Weaving Hope in Chocó

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The social ministry of the Mennonite Brethren Church (MB)  that Seed and MCC partner with in Chocó supports many different projects. One of these, an agricultural project, works with small farmers in the San Juan River region. This project is in the process of becoming a foundation that aims to develop into a self-sustaining cooperative that assists small farmers and promotes the MB Church. In San Antonio, a small community just outside of the municipality of Istmina, the foundation FAGROTES (Fundación Agropecuaria Tejiendo Esperanza or Agricultural Foundation Weaving Hope), owns a farm which functions as a base for many of its program initiatives. In large part, these initiatives seek to support rice farmers and provide incentive for other farmers to grow cacao instead of illegal coca. Additionally, FAGROTES raises and sells fish and pigs that compliment and provide income for its bigger initiatives.

Behind the rice mill in San Antonio, the foundation has a nursery where they plant and grow thousands of young cacao seedlings. When they are three months old they can be delivered to be replanted.



Here is a picture of a typical rural farm. Each farmer plants hundreds, and in some cases thousands, of young cacao seedlings. They place a small stick next to each tree so that they are not chopped down accidently during the farm clearings.


Cacao trees are tricky to grow. They are susceptible to many pests, require steady, warm temperatures, and plenty of shade. Many farmers will grow the fast growing banana or plantain tree next to the young seedling to provide shade as it grows. It takes about two years for cacao trees to begin producing fruit. The most mature trees in this project are just reaching one year old. However, some farmers already have been growing cacao in Chocó as evidenced by this two-year-old tree.Giles4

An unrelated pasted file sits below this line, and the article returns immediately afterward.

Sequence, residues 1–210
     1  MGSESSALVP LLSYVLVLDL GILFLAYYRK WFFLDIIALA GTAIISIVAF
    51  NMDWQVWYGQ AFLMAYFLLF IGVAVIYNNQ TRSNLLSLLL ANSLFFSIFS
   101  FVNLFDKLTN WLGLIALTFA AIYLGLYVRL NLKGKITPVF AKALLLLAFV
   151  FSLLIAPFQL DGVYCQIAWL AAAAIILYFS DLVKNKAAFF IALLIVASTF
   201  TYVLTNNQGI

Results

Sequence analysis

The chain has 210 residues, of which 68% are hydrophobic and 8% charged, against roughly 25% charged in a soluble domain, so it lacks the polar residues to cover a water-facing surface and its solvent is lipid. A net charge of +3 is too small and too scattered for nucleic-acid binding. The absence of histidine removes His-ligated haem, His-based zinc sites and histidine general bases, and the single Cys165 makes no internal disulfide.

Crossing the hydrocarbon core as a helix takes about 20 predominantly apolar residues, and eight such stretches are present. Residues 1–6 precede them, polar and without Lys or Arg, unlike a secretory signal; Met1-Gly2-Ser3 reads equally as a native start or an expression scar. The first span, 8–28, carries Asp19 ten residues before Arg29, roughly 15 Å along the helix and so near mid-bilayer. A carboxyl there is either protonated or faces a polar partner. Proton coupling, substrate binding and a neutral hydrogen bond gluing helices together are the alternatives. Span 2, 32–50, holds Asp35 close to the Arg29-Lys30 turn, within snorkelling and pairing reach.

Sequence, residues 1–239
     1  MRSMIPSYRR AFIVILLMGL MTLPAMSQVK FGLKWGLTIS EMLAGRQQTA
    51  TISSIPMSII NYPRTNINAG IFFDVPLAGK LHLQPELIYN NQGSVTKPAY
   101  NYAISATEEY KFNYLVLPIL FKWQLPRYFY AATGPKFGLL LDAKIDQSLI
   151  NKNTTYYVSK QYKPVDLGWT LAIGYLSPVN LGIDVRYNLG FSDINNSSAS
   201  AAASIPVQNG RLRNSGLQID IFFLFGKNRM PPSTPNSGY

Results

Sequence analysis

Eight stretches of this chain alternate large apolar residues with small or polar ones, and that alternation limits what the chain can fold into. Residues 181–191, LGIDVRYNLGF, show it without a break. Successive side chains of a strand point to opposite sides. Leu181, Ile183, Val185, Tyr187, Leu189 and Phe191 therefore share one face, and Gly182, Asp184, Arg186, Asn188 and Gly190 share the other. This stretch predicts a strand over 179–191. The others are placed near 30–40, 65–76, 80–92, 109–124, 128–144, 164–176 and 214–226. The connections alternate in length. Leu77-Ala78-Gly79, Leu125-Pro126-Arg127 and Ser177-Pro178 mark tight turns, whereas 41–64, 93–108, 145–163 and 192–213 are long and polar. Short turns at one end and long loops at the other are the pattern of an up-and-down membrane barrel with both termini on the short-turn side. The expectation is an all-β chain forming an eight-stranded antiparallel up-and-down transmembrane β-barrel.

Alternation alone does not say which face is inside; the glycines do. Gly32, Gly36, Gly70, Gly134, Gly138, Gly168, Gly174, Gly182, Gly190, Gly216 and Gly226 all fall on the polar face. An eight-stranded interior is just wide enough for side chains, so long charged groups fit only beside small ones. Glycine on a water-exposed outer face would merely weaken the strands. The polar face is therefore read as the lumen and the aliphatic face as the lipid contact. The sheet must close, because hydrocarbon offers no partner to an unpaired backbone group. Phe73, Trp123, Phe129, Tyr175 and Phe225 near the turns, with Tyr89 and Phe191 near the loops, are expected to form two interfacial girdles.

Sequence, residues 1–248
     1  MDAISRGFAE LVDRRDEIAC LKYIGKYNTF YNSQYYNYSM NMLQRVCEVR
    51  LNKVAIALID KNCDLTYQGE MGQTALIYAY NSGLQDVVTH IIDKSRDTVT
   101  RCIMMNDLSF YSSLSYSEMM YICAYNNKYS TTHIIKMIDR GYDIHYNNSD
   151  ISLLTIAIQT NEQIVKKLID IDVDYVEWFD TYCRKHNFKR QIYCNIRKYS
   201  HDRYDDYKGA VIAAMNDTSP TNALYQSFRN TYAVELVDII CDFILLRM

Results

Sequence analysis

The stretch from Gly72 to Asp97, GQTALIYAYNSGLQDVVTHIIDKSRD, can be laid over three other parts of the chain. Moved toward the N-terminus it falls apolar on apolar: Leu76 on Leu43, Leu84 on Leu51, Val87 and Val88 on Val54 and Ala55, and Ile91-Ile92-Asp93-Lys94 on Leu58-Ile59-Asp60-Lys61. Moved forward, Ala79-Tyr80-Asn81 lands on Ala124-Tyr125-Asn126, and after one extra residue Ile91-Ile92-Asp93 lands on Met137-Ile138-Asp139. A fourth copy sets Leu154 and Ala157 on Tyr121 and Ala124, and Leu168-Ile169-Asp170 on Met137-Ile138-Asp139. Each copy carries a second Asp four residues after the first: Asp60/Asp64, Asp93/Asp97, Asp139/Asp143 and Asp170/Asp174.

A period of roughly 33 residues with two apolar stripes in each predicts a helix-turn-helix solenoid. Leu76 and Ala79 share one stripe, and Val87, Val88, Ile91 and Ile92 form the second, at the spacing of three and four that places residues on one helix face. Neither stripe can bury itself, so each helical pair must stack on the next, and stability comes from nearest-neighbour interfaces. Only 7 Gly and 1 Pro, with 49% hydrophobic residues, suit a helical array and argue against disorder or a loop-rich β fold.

Part of the work the foundation does is visit each farm that grows cacao, offer advice and to monitor the crops. Here, Jabes, director of the cacao project, and Anibal, one of the field coaches, talk to Manuel about pruning and cleaning his cacao trees.


Sometimes getting to the farm is the hardest part. Due to the complete lack of roads, visiting is done by boat and then on foot. Boating along the rivers is generally beautiful. However, due to centuries of mining, most recently at the hands of large multinational corporations, many areas of the riverbank have been turned from thick jungle into mountains of stone.


Usually, these mountains of stone are accompanied by a dredge. These large floating hotels and work sites turn over and separate tons of stone each day looking for gold. While these large companies offer short term jobs to many unemployed men, they are contaminating one of the most diverse ecosystems in the world.



Many farms we visit are off the main river, requiring us to navigate shallow, narrow creeks. Due to hidden logs and thick vegetation floating or growing right underneath the surface, the boat motor is hauled aboard and we make our way up the creek the old fashioned way: paddling.



Usually during these visits we stay overnight in nearby towns. Those further downriver, like the town of Bebedó pictured here, do not have electricity yet.





We always wake up early to visit the farms. This can be difficult for those that love to sleep in, but early mornings make for beautiful scenes of fog burning off the rivers as the sun comes up.



The second initiative includes supporting local rice farmers. The farm in San Antonio bought a rice processing machine in 2009. This accessible processing plant gives farmers a place to sell and process their rice locally.


Many farmers do not have space to dry their rice before it is processed. In between the rice mill and cacao nursery at the San Antonio farm, there is a greenhouse where rice is spread out to dry before being processed.


Here is a picture of bags of wet rice waiting for drying space on the floor.






Jabes, Eliecer (a local teacher), and Anibal catch ‘Mojarra’ in one of the ponds in San Antonio. The fish are gutted, cleaned, and sold to local communities.




Like the fish project, pigs are being raised to sell locally and will support other regionally focused initiatives. The bulk of the pigs’ diet is the outer shell from the rice that is removed during the processing. Using the husk which would otherwise be wasted is a great example of self-sustainability.



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